By: Arthur Wenk , Oct 27, 2012

I've suppressed emotions for a long time. What can I do change?

The following exercises may assist in recovering a long-suppressed emotional life.

Traumatic experiences sometimes lead to emotional numbness as a defense mechanism for sensations too strong or too unpleasant to be felt. This pattern of “numbing out,” when carried over into adult life, can play havoc with one’s ability to initiate and maintain intimate relationships. After all, nobody wants to be married to an emotional robot. Yet the defense mechanism of shutting down, though no longer necessary to protect a vulnerable self, often cannot be easily shed. Becoming emotionally alive and aware usually requires more than simply wishing for it to be so. The following exercises may assist in recovering a long-suppressed emotional life.

1.  Sensory Exploration

This game, commonly played with children, can assist adults in developing atrophied sensory responses. Have your partner or a trusted friend blindfold you, then pass you different objects to identify by touch. Start with something easy before proceeding to more challenging objects. Continue the game by having your partner produce different sounds and asking you to name the source. You can also try to identify spices and herbs from the kitchen by scent alone, or different materials brushed against your bare arm.

2.  Colours and Feelings

Locate a number of examples of vivid colorus, preferably large enough to fill your field of vision. They may be framed paintings or painted walls or a stretched out blanket or towel. Avoid neutral shades like beige or tan; aim for bright hues. Sit in front of each example, allowing it to fill your field of view, and concentrate on the colour. Then get in touch with your emotional response. At first you may notice only a subtle physiological response: perhaps your heart beats slightly faster when faced with red, or slower in front of blue. But as you continue to repeat the exercise you may be able to draw connections with one of the basic emotions: fear, anger, grief, love, joy, surprise, disgust.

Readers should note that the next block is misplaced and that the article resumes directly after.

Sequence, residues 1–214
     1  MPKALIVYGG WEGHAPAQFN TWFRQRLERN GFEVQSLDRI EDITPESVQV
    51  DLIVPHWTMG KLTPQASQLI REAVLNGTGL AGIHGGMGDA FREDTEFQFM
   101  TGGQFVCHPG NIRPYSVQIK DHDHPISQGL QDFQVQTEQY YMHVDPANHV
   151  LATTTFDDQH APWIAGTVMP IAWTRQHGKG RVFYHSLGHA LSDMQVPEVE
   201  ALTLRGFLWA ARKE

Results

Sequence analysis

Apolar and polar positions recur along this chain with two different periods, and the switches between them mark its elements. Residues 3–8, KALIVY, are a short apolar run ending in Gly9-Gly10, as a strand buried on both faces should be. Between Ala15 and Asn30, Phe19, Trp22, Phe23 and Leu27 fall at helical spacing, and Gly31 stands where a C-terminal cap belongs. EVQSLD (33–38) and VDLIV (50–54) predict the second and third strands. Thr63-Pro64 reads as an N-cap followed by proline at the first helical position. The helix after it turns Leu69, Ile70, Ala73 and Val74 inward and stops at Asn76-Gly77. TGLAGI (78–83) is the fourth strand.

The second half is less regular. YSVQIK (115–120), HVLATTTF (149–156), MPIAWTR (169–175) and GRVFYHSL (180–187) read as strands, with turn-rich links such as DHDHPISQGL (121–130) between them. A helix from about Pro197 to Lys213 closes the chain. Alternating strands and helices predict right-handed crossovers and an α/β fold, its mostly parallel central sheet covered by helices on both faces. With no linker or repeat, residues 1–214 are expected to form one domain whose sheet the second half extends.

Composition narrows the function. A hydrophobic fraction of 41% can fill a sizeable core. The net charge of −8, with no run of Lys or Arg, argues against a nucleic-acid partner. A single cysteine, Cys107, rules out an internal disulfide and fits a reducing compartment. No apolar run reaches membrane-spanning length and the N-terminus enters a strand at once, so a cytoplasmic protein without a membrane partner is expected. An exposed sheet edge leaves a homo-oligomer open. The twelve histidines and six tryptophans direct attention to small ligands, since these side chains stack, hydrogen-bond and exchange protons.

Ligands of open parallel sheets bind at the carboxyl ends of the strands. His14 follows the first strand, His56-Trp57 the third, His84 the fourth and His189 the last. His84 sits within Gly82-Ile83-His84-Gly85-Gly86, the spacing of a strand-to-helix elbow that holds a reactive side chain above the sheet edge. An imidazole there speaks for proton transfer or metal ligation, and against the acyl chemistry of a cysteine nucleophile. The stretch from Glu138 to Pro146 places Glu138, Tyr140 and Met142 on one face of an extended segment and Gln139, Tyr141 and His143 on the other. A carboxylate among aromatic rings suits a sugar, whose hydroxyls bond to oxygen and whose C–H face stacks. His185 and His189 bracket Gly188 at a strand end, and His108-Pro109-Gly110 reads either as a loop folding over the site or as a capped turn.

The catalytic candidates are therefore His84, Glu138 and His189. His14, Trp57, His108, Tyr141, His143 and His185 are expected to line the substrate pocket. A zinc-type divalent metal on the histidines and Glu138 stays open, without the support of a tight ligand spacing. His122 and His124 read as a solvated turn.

3.  Do You See What I See? 

Sit beside your partner, or an assisting friend, in some unfamiliar setting. Concentrate on each of your senses in turn: what do you see, hear, feel, or smell? As a rule, we tend to screen the information coming into our brains. Try to reverse that process: let all the sensory information in. Once you have established the overall sensory picture, go for the details. What have you missed? Then compare notes with your companion and try to pick out sensory details that you overlooked the first time. 

4.  Alive and Aware

Take yourself to an unfamiliar setting and repeat the preceding exercise alone. After establishing the principal foreground sounds, for example, try to pick out the subtle, faint sounds in the background. Listen for occasional silences between the sounds. Survey the scene before you and then seek out little details you overlooked the first time. After becoming as keenly aware as you can of all the sensory input from the scene, tune in to your emotional response. How do you feel in this scene? Is there anything in particular that contributes to that feeling? Try to recall when you have felt like this before. Repeat this exercise in a variety of settings and notice how many of the basic emotions you manage to trigger by your choice of surroundings.

5.  The Silver Screen

Watch a movie and explore your emotional responses. In my experience, bad movies can be even better for this exercise than good ones. If possible, compare notes with a companion, then try to get in touch with feelings that your companion experienced that you did not. Try to identify elements of the movie that contributed to your emotional response.

Do not expect to reverse traumatic numbness in a couple of sessions, but do measure your progress and over a period of time ask your partner or close friend to comment on any observable changes in your emotional responsiveness.

Arthur Wenk holds a doctorate in musicology and masters degrees in information science, music theory, and psychology.

Art‘s client-centered approach is based on empathic listening, helping clients integrate thoughts, feelings and actions, and assisting them to revise self-stories that have kept them enmeshed in problems: all in the interest of achieving mental, emotional and spiritual wholeness.

Art currently practices at Wilson Counselling Associates in Oakville, Ontario.